I was walking out of the gym this week when the answer came to me. I had just had a great workout, one that makes you feel strong, and capable and invincible. It was cool, the kind of weather that promised fall leaves and fires and warm blankets, and snuggling. And I was walking to my car and it hit me like it was a direct message from heaven. And I remember thinking, “I am content. I hope that years from now I can remember this season in our lives and remember this feeling of contentment. Right here, right now.”

But can I? Can I be content even when my father is fighting for his life? When cancer has crept like a thief in the night to wreck and ravage one of the people I hold most dear?

The answer, surprisingly, is YES.

The answer is yes. And I don’t think is dishonors my father to say that. Am I happy. Oh my, NO. No, my heart hurts and my soul cries out for God to hear our prayers. But I am content. And I would think that should comfort my father more than anything else could. Because I know he loves me. He wants the best for me. And I am finally at a place in my life where I can say, Yes, father. I am okay. I am content. I am at peace.


The goose

Yesterday, when I picked Kate up from school, a group of kids were playing Duck, Duck, Goose outside. Kate ran over and jumped in the circle, as did a few other children. She sat perfectly still. Legs crossed. Small smile on her face. I wasn’t close enough to tell, but I wouldn’t have been surprised if she was holding her breath. I could read it all over her. Her eagerness. Everything about her said, “Pick me, pick me!” 

Several rounds passed and the children who started the game picked the kids they knew and were friends with to be the “GOOSE.” I saw Kate’s smile fading but she continued to sit perfectly still. Not really making eye contact with anyone. Just waiting. HOPING.

A few rounds after that, I saw some of the kids in the circle getting impatient. One raised his hand, “PICK ME!!” and of course, that time he was picked. A few other children who hadn’t had turns did the same. And they got their turns. But Kate continued to sit perfectly still. Only her face had changed. It had no joy. She was the only kid who had not been picked.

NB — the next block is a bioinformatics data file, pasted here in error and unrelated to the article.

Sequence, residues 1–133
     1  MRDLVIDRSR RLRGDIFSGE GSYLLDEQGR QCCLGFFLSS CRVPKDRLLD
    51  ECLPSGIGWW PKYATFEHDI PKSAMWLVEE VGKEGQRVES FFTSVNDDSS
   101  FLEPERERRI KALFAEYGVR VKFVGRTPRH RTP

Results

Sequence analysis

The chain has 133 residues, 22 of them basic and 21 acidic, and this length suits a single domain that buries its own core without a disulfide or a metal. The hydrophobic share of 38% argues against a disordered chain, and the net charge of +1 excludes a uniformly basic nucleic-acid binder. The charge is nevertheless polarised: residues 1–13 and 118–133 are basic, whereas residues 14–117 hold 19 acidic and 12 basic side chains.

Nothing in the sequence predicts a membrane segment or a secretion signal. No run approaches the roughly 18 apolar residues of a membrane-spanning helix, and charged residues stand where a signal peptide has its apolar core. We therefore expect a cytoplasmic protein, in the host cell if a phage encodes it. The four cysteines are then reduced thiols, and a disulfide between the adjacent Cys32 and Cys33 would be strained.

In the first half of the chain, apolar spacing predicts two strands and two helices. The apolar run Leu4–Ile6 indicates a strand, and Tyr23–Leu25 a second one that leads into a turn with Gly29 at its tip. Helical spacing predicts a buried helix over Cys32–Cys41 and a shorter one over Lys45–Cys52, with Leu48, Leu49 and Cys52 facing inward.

My heart ached for her. I wanted to scream, “SOMEONE JUST PICK HER!” I wanted to march over there and tell the other kids to give everyone a turn. I wanted HER to be brave and tell someone to “PICK ME” like the other children who weren’t being chosen. But she just sat there silently. And so did I.

Parents were ready to leave, and the game disbanded. But Kate didn’t move a muscle. There was no one left in the circle. And yet she just sat there. It was like she couldn’t believe she hadn’t gotten a turn. That surely, if she just stuck it out a little more, she would be given a chance. I finally walked over and crouched down next to her.

“It’s time to go home Katie.”


“Kate, are you okay? Are your feelings hurt?”

“Yes. No one picked me. Why wouldn’t anyone pick me?”

“Well, honey, a lot of times people will pick their friends, so the same people get picked all the time. But you don’t have to be afraid to ask for something that you want. If you want a turn, you raise your hand and say that. You just say, “PICK ME!” and maybe it will happen.”


“I’m sorry your feelings were hurt Kate. I love you.”

“I love you too Mommy. Let’s go.”

I still have that image in my mind. The one of her sitting. No one left in the circle. No joy on her face. She has probably forgotten it by now. To be honest, she probably forgot the sting of not being chosen about five minutes after we left the playground. But it has stuck in my mind.

It is stuck because it is a reminder of what is to come. Of hurt feelings and bruised egos and tears and sadness. Those things that we, as parents, pray our children won’t have to suffer, but really are simply a part of growing up.

I wanted to say something during the game. I wanted to intervene for Kate. Save her that tiny bit of pain. But I just watched. And waited. Because I’m not going to be there on the playground with her all the time. I’m not going to be able to make kids pick her, or play with her or be nice to her. I’m going to have to give her the tools to stand up for herself. To ask for what she wants. To treat others the way she wants to be treated. To be fair, and loving, and compassionate.

I knew parenting was hard. But I didn’t really realize how much it was going to hurt, too.


Say Cheese

This morning while getting ready for school, Kate put on some sticker earrings. So of course B wanted some. I obliged him, because its not like his preschool friends are at the developmental stage where they openly mock other kids. I mean, Beckett eats his own boogers sometimes and he still has friends in his class, so I’m pretty sure a little bling isn’t going to ruin his rep just yet.

Sadly, when I picked him up I had to have THIS conversation…

Teacher: Did you put earrings on Beckett this morning?

Me: Uh, well, his sister did (slight bending of the truth to avoid judgement from particularly judgy preschool teacher).

Teacher: Oh, Okay, because he told me that his mommy put them on him.

Me (mental headslap): Oh, haha, the things these kids say…

(awkward silence)

Teacher: Well, so, ANYWAY… today was picture day.

Me: OH.

Teacher: Yeah. And, well, we tried to take them off, but he wouldn’t let us.

Me: OH.

Teacher: So, yeah, he is wearing those earrings in his picture.

Me: Oh.

Teacher: Yeah. Haha, even the photographer was all, IS THAT BOY WEARING EARRINGS?? And I was all, HE WON’T LET ME TAKE THEM OFF! Haha. So. Um. See you next Monday! BYYYYEEEEEEE.

(Teacher waves and walks off)

Me (to Beck): …. Thanks a lot buddy.

Beckett: (big grin)

Me: *SIGH* I have to call your daddy. I don’t think he is going to like this one.